• Remove the stigma and shame associated with accommodation requests by promoting a collaborative and supportive workplace and management style.
  • Working from home.

Forgetfulness

  • Take immediate action on tasks or immediately log tasks on calendar or note pad.
  • Check agenda at routine times a day.
  • All messages written in a binder and checked at scheduled times of the day.
  • Use or timers, alerts or beepers.
  • Follow-up of meetings or verbal instructions with an e-mail or hard copy.
  • Allow employees to use charts or cheat sheets for tasks and instructions.
  • Suggest the use of an agenda or phone calendar rather than the use of scrap or post-its.
  • Promote an environment of teamwork where employees feel that they can ask one another questions when unsure of something.

Procrastination

  • Assign tasks suited to immediate response.
  • Closer supervision – biweekly scheduled meeting with supervisor to check on progress.
  • Balance workload and type of work – for example, set up a schedule where you take a break after 30 minutes of menial work to get up and stretch for 5 minutes, or balance a menial task with creative work throughout the day.

Emotional Dysregulation and difficult relationships with co-workers

  • Feedback from a trusted supervisor, co-worker, or friend to build awareness of monologuing, interrupting, bluntness and other issues with social skills – adults with ADHD may be unaware of how they are perceived by co-workers.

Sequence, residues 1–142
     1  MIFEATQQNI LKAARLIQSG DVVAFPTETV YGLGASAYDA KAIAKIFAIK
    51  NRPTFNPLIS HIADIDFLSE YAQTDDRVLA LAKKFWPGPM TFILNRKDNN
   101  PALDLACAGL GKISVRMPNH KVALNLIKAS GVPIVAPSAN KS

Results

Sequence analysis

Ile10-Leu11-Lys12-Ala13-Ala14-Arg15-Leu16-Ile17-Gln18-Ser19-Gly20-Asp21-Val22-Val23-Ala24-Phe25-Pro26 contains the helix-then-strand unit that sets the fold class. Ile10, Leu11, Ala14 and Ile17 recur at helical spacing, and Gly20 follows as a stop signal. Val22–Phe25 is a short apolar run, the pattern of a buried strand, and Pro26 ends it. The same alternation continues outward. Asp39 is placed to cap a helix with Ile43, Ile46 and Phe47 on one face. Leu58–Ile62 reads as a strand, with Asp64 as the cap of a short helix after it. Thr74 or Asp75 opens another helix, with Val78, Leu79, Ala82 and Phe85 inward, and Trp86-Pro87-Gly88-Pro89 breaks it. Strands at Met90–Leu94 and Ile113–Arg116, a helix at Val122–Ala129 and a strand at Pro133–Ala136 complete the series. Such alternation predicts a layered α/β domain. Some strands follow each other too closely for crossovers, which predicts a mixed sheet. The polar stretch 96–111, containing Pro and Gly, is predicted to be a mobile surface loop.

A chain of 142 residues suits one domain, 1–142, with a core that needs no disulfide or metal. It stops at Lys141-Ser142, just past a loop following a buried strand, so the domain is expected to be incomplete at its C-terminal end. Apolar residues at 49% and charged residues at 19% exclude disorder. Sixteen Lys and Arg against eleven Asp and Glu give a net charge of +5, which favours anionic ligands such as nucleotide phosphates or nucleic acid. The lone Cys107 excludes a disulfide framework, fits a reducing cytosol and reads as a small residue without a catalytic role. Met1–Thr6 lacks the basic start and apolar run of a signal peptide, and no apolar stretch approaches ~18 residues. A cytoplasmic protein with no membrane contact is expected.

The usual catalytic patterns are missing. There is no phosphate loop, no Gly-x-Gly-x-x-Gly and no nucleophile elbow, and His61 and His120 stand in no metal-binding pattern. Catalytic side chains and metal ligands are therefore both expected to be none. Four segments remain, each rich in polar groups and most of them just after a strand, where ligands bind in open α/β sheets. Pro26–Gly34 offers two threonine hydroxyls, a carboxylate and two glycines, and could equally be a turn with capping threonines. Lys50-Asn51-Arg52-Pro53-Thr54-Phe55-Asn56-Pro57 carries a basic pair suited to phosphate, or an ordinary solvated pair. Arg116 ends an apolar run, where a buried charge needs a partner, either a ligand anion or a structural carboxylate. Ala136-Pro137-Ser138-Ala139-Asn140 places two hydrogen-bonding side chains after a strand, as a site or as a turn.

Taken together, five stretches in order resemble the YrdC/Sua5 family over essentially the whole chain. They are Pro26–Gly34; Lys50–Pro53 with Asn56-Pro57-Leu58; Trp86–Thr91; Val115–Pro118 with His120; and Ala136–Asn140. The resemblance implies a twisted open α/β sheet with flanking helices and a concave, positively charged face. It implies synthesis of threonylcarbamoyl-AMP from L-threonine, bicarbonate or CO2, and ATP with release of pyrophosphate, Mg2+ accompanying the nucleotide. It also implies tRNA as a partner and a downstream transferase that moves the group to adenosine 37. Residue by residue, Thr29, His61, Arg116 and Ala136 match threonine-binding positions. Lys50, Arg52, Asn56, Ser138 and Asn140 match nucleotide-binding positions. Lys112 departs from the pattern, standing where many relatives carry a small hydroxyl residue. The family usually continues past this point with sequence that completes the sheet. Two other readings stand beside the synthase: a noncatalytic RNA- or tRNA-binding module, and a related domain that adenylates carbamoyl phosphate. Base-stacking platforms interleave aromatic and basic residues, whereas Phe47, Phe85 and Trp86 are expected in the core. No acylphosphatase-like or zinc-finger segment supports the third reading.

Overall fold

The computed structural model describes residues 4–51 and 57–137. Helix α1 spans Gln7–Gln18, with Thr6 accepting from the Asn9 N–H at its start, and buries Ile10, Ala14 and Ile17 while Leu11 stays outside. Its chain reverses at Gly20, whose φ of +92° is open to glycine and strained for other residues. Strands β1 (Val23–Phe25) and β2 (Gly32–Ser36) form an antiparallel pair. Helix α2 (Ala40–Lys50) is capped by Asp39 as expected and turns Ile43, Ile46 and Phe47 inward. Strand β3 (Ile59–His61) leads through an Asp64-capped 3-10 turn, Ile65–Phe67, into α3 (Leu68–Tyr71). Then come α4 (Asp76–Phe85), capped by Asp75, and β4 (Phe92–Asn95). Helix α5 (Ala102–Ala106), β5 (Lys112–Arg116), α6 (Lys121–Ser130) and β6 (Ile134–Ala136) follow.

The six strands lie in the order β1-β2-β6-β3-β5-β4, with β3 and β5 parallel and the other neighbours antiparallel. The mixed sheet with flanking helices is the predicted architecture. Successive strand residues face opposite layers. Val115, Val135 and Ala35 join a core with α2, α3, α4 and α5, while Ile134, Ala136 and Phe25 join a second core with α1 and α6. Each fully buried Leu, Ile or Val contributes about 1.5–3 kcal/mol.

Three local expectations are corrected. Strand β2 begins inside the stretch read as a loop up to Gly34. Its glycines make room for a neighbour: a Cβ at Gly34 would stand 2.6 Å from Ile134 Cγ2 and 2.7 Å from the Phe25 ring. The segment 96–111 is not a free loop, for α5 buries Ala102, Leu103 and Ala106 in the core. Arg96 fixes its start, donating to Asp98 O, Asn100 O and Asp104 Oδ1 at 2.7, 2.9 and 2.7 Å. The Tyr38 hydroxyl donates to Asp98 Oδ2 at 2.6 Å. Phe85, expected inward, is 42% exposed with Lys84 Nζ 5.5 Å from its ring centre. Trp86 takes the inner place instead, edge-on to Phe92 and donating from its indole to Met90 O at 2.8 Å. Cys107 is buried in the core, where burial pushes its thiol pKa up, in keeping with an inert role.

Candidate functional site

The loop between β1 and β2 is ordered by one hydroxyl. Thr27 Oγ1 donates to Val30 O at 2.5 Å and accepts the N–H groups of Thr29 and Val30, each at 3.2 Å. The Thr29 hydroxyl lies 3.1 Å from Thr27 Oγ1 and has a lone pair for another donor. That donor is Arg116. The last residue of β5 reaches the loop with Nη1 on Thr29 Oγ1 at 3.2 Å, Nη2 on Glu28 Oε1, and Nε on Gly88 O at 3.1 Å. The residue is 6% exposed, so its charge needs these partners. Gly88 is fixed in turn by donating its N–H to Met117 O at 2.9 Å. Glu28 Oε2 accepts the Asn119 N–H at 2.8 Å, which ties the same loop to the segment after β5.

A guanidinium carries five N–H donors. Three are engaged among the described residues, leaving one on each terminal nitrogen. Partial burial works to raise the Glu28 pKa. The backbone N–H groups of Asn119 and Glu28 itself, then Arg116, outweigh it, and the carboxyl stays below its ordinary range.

• Provide awareness and education to all employees regarding effective communication strategies among colleagues.
  • Assist employee to understand situations as other than black and white.
  • Breaks to cool down from anger or feeling overwhelmed – removal from the situation by going for a walk, coffee or lunch break, or working from home for a day or two.
  • Preparation for formal meeting with a review of performance or criticism.
  • Optional attendance at social activities.
  • Encourage all employees to model appropriate social skills.
  • Supervisory method to better fit the employee’s needs.

Potential supports for people with ADHD to seek independently

  • Use a professional organizer to assist with desk and workplace environment.
  • ADHD Coach to assist with organizational strategies.
  • ADHD Coach to teach social skills and how to pick up social cues.

*It is important to understand that information about a disability is personal and private and must be treated confidentially. Persons with disabilities are not required to disclose to information about the nature of their disability, unless specifically needed to better accommodate the needs of the person with disabilities. Information about an employee’s disability and/or accommodations should never be shared with anyone unless it is necessary and the employee has provided permission.

Web Sites Referenced for the development of this document: